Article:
• The 2021 establishment of Operation GAIN, which targets high-value offshore criminals. Operation Gain has led to the arrest of 24 alleged organised crime figures, including high-profile individuals before Australian courts.
  • The creation in 2023 of the highly-successful, AFP-led, anti-money-laundering strategy, Taskforce Avarus, which has charged 48 alleged offenders for money laundering and restrained about $421 million in the proceeds of crime.
  • The 2022 establishment of the AFP-led Joint Policing Cybercrime Coordination Centre in response to the escalating cybercrime threat in Australia.
  • One of the largest AFP-led child exploitation investigations, Operation Tenterfield, leading to a former childcare worker being charged with 1623 offences.
  • The establishment of the High Risk Terrorism Offender capability.
  • A year-long criminal investigation by the AFP, as a member of the Counter Foreign Interference Taskforce, leading to the first successful prosecution of foreign interference since new laws started in 2018.
  • Between 2019-2023, the AFP, charged 748 offenders with 6487 offences as a result of child exploitation investigations.
  • The ACCCE, with JACETS and international partners, also removed 565 children from harm.

Strengthening and investing in the AFP workforce

  • Commissioner Kershaw championed a review of the AFP’s operational model, sparking a restructure to support a workforce closer to the crime being investigated.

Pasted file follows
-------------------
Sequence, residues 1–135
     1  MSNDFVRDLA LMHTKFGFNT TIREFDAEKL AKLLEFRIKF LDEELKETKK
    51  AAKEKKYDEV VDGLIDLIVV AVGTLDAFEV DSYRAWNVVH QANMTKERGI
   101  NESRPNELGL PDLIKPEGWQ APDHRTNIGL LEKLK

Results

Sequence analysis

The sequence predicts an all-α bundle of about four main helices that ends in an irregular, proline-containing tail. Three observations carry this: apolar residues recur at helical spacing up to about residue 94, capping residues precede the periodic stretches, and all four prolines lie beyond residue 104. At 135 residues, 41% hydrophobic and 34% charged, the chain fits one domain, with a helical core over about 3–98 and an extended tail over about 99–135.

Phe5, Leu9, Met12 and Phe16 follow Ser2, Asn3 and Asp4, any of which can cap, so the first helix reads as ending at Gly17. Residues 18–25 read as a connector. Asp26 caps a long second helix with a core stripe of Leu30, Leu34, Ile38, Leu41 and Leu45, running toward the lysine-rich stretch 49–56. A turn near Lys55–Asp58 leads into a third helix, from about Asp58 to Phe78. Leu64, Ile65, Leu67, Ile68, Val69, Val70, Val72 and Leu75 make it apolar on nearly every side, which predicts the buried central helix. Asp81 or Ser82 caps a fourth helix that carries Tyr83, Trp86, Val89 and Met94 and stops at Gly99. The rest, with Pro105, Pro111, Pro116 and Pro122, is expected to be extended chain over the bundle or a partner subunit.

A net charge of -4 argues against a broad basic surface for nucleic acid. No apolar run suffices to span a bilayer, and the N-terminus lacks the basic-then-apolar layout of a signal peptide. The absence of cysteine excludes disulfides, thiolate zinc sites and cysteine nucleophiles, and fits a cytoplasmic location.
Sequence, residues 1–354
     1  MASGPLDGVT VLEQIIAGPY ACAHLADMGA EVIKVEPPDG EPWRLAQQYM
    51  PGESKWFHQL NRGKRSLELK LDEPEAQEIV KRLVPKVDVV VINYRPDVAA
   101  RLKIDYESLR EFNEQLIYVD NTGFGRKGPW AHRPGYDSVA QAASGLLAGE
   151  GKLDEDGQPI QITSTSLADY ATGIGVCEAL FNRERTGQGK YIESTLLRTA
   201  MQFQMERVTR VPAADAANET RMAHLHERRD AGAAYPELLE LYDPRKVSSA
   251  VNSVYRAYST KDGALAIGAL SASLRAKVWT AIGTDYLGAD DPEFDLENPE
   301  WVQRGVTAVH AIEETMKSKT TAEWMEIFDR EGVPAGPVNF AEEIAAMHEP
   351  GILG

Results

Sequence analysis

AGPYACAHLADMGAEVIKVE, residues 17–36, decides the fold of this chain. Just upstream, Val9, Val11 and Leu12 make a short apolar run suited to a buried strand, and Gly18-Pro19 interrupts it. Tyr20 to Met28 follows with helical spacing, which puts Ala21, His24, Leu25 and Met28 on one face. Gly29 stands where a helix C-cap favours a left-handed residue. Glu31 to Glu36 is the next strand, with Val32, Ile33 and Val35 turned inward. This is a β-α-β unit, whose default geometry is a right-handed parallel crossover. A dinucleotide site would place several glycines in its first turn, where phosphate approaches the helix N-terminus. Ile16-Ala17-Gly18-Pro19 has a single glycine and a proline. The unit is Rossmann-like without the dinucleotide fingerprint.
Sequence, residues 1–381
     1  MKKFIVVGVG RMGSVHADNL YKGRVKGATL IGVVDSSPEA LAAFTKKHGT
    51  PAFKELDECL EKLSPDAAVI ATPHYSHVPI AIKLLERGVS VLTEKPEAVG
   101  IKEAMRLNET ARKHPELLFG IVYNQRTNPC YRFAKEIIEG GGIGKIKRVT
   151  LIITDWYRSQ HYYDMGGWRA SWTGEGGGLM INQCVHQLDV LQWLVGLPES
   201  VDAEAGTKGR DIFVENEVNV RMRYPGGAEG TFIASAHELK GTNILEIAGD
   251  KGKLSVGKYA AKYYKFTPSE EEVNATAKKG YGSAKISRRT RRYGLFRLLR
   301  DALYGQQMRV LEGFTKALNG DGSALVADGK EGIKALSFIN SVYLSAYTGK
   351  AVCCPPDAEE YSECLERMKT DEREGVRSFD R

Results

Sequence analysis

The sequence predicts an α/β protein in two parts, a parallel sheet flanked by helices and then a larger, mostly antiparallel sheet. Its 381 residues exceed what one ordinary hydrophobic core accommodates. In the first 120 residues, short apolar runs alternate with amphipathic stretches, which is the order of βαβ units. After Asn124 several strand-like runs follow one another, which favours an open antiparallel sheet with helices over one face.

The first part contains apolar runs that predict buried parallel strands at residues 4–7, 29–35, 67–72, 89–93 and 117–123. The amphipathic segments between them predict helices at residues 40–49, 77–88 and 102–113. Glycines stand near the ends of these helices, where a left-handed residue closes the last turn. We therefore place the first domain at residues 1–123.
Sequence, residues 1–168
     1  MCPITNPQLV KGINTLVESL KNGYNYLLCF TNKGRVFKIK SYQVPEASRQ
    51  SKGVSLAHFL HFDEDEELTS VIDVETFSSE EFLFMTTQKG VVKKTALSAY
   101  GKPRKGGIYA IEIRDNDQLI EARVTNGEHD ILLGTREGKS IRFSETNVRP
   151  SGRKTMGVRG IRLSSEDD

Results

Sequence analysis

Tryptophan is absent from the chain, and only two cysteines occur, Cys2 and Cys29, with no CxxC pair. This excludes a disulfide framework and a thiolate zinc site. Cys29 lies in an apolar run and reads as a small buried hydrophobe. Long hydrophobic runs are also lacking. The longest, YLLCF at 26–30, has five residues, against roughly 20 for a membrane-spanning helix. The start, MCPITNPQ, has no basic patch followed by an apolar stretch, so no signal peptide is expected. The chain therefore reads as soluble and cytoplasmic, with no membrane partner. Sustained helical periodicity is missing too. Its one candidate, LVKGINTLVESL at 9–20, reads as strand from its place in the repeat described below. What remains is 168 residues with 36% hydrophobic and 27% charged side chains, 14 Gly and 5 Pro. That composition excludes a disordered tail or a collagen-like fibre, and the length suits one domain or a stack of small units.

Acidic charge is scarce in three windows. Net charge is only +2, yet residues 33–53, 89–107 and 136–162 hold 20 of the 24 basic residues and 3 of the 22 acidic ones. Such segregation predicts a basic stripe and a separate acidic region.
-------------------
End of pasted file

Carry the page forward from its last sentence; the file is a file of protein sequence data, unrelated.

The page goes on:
• Appointing a Deputy Commissioner to ACT Policing.
  • Obtaining additional investment from the ACT Government for ACT Policing.
  • The AFP Diversity and Inclusion Strategy 2023-26 was launched to build and strengthen diversity and inclusion, recognising the collective diversity and contributions of the workforce is what makes AFP a stronger organisation.
  • The AFP has grown significantly since 2019-20 – with more than an 18 per cent increase in the number of members employed given Federal crime demands.
  • The 2023 launch of Dandelion Program, which supports skilled neurodivergent members joining the AFP.
  • The establishment of an AFP Reserve, which supports retired members to stay connected to the AFP and provide a surge capability when needed.
  • The establishment of SHIELD, a health and wellbeing model for AFP members, providing access to leading health and wellbeing services and support including through additional medical specialists.
  • The 2021 establishment of the First Nations Unit, which progresses and enhances relationships and partnerships with the First Nations’ community.
  • Partnership with the Australian Human Rights Commission to explore and enhance gender equity across the AFP.
  • Seed funding for a new Museum of Australian Policing to highlight and educate the community about the AFP.